The Irish Times view on Ireland and Ukraine: a show of solidarity

Ukraine needs external support as much as it ever did

For European leaders, it is by now a well-trodden path. Presidents and prime ministers have, since the early stages of Russia’s invasion, made a point of travelling to Kyiv to show solidarity with President Volodymyr Zelenskiy and the people of Ukraine. Yesterday it was the turn of Taoiseach Micheál Martin, who met Zelenskiy in the capital and visited memorials to those killed in the war.

It was an important demonstration of Irish support for Ukraine. Dublin has taken an admirably clear stance on the war from early on. That support naturally lacks the military or geopolitical weight of other states’ aid, but its practical and symbolic value has been important and reflects the Irish public’s own instincts, as the welcome extended to Ukrainian refugees shows. The decision to waive visa requirements for those fleeing the war was a significant gesture, as was Ireland’s full-throated support of Kyiv’s bid for EU candidate status – a campaign that culminated last week in formal approval by European leaders. The Government has also committed aid funding and, working with the Red Cross and other organisations, sought to mobilise a national response to housing newly arrived refugees.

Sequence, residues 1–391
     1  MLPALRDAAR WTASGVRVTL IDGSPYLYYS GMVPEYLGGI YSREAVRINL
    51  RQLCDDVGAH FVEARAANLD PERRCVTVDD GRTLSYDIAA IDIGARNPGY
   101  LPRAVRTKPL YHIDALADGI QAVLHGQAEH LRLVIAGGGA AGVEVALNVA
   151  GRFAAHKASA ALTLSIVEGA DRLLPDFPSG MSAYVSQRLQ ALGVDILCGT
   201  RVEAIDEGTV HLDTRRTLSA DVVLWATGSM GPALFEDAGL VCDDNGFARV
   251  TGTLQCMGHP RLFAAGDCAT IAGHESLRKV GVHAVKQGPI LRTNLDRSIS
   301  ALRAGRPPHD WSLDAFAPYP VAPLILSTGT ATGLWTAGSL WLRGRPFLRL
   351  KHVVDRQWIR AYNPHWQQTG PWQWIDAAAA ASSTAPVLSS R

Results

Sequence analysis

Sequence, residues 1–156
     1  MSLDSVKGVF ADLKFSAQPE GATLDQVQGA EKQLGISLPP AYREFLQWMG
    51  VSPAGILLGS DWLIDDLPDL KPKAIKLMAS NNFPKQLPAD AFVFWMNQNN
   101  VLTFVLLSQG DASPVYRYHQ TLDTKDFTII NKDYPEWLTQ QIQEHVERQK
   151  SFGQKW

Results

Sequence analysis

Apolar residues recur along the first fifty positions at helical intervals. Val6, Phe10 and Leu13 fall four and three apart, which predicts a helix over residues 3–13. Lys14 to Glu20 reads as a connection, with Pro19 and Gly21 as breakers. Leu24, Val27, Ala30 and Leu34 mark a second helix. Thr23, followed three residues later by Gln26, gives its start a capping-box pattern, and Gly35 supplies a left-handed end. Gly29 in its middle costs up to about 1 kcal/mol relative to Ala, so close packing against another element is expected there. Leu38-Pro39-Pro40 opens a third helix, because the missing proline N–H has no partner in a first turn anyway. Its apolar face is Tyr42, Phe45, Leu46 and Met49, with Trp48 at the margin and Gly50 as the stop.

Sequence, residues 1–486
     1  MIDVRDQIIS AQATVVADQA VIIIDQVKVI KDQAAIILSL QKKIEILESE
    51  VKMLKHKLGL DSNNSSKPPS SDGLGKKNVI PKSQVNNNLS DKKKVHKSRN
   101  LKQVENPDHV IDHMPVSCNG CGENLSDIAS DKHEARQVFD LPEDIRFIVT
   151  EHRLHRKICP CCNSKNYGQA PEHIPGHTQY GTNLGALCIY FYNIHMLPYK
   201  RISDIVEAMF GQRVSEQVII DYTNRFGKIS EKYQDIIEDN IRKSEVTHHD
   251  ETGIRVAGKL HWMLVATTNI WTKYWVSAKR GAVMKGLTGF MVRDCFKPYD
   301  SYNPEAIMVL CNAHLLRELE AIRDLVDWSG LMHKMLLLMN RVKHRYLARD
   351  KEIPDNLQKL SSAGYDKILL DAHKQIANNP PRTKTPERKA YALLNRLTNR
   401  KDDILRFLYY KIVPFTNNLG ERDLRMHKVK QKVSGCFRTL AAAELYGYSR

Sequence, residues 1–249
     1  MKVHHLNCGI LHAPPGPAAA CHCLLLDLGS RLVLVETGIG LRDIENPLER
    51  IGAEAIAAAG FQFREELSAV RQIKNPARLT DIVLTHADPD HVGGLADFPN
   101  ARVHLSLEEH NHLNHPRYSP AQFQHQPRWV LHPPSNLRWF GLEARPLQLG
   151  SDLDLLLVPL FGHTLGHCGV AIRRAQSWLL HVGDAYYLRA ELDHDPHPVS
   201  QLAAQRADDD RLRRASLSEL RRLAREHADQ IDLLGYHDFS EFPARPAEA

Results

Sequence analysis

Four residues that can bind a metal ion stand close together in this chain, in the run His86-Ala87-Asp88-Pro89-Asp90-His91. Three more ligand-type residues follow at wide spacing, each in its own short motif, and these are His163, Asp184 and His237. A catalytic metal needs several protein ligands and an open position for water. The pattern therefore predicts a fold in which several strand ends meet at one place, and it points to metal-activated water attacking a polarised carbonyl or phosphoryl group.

In the war’s early days, it was hard to imagine that, almost five months later, Zelenkiy would be receiving a procession of world leaders at the presidential complex in Kyiv. That it is possible is down to the resolve and strength of the Ukrainian people, supported by the country’s allies. But the war remains dangerously poised, its outcome uncertain. There is a real danger that, with the war now in an attritional phase concentrated in the east, and with world leaders increasingly preoccupied with the domestic costs of the war for their own people, the international coalition against Russia will begin to weaken. Ukraine needs external support as much as it ever did. It needs humanitarian funding, military-logistical support and steadfast political backing. It also needs Russia to remain isolated, and for it to continue to feel the costs of Vladimir Putin’s reckless, unprovoked aggression.